This month a new cause célèbre has hit the streets: residence permits for regularly employed illegal workers. What made them suddenly come forward to demand real permits to replace the counterfeit ones they used to get hired? They do the dirty work in restaurants, hotels, and construction. They pay taxes and social security charges. A well-oiled system, we are told. As many as seven men declare their income under the name of one authentic resident. Hard to believe, but no reliable information is available.

The pressure is on the Sarkozy government to accept the fait accompli. These decent hard-working people are here, why should they have to live in the shadows? Immigration reform was high on the platform of this democratically elected government, but the champions of the illegals want to reverse that policy. Why? Because they know better. Deporting illegals is one step up from Nazism.

In a recent press conference, the president asked why employers were exploiting illegals from Sénégal, Mali, etc. when the unemployment rate for legal immigrants is 22%.

Who cares more about human rights? The president or the protesters?

In the latest turn of events, the illegals are occupying offices of the Communist-backed CGT labor union, claiming the union was exploiting their distress for its own purposes.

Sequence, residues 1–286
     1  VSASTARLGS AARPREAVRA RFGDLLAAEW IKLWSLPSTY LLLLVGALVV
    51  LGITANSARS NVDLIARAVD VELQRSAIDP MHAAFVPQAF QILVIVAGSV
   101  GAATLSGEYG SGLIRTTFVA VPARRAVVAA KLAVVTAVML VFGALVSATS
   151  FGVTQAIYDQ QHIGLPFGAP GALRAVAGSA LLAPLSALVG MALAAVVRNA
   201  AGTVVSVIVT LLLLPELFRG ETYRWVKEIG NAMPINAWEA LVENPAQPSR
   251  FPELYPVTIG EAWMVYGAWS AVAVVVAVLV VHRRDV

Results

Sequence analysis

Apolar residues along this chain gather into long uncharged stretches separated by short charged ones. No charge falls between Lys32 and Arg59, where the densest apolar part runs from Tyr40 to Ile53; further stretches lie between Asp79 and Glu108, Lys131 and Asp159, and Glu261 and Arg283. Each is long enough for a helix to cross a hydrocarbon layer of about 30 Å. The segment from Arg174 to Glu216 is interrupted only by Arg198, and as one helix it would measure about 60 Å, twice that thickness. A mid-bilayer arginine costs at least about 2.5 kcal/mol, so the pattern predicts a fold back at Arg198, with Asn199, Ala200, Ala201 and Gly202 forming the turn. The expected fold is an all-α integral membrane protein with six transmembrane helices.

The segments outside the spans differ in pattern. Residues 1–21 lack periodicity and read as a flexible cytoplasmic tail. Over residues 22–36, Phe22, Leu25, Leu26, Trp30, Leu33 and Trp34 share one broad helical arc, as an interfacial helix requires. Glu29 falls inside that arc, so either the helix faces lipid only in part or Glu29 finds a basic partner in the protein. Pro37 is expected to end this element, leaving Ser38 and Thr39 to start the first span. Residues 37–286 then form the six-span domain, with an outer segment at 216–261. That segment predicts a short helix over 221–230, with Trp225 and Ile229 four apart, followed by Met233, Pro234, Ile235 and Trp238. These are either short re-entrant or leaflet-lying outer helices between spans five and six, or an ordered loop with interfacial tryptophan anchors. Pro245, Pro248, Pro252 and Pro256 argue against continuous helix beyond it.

And if you or I say that, above and beyond the CGT and the professional protestors, other forces are exploiting these distressed immigrants…

19 comments:

unaha-closp said...

The "stuck clock" theory.

But I know enough to understand that I am not an essential element in that puzzle.

The essential element takes place locally, inside Afghanistan or Burma or Sudan or Tibet. In Afghanistan Nato has placed troops that can directly act with great effectiveness. In Tibet this cannot happen, indirect action is all that can occur due to the geopolitical reality.

I think these protest chic Leftists are wrong about almost everything and only ever offer the same ineffective vain glorious solution to all problems, but there is (as far as I can tell) no possible highly effective response to anything China does inside Tibet. I think this time the Leftist "stuck clock" solution is pretty good.

The Leftists suggest a boycott of the opening ceremony of the Olympics - some minor diplomatic indirect pressure.